“If you have the appropriate information, you can format it effectively using fleet software and identify areas where new strategies can be adopted that minimise cost increases – but that process is a wasted effort without the right data.”

Golding says that it is important to prioritise cost control. He explains: “We advise looking at a handful of areas where costs are rising, accurate information can be obtained, and new strategies are possible.

“Of course, in each area, it is crucial to ensure that you are gathering not just accurate but relevant data, and this is where expert advice can be especially useful. It is often the case that a few points of measurement are sufficient as long as they are the right ones.

“Tracking these metrics over time will tell you whether the measures you have adopted are having the desired impact. We are living through a period when cost reduction is probably not possible but cost control certainly is – and fleets should target minimising increases.”

Golding says that FleetCheck is also being asked about rethinking core fleet strategy in light of rising costs, electrification and issues such as poor new vehicle supply.

He concludes: “Replacement cycles are an area that is coming under scrutiny, for example, with fleets looking at whether they should be permanently extended. Again, this is very much an exercise that should be driven by data that can be drawn from a variety of sources and formatted appropriately using fleet software to simply the decision-making process.”


Eco-driving is largely common sense: the difficulty for small firms is how can they ensure that their drivers follow these guidelines, says Richard Lilwall, CEO of vehicle tracking and telematics firm Quartix.

In terms of good practice for drivers, the big savings in fuel costs often occur when the driver is on the road. The key is to develop sensible driving habits. A good driving style with minimal speeding, instances of harsh braking or acceleration helps reduce fuel consumption. Drivers should maintain a steady speed to limit unnecessary energy and fuel loss, and keep a safe distance between their vehicle and others to avoid having to brake suddenly. There are other ways to cut fuel costs too, such as being smart with the use of air conditioning.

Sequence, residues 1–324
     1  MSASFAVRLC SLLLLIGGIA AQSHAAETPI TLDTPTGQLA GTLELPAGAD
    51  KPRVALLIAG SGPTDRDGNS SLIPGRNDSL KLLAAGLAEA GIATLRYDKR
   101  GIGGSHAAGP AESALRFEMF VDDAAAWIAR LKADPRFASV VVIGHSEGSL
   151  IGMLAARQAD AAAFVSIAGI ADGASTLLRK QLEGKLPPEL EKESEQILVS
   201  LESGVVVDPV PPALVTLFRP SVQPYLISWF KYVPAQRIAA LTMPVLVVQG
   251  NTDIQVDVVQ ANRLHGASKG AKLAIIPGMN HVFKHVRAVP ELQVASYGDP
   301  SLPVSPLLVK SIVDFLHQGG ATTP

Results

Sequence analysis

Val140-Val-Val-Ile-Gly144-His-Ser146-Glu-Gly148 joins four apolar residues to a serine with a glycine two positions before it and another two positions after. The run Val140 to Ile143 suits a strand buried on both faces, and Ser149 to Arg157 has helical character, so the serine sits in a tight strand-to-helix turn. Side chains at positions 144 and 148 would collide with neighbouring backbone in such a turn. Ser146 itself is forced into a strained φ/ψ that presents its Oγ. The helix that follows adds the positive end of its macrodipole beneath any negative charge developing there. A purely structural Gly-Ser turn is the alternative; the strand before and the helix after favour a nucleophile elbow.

Implementing a vehicle tracking solution can give companies visibility of how their staff are driving out on the road, enabling them to spot issues and coach drivers where needed. Driving style reports allow managers to analyse the strengths and weaknesses of drivers as part of continual professional improvement.

Some vehicle tracking solutions can be set to assign a driving score to each driver, calculated using various criteria such as speed, acceleration and braking indexes. This would allow business owners to quickly identify poor driving behaviours through something like a league table.

The data not only shows where employees can modify their driving behaviour, it also makes them aware of the impact their driving habits have on the company’s bottom line. One Quartix client reported that a driver of a light vehicle with above average speed scores (green) totalled £1,200 in fuel consumption, £96 in workshop repairs and just 1.5 hours of workshop labour time over a three-month period. In the same period, a driver with a poor speed score (red), covering similar mileage to the latter, used £150 extra fuel, cost the company an extra £2,120 in repairs and incurred 29.5 hours of workshop labour.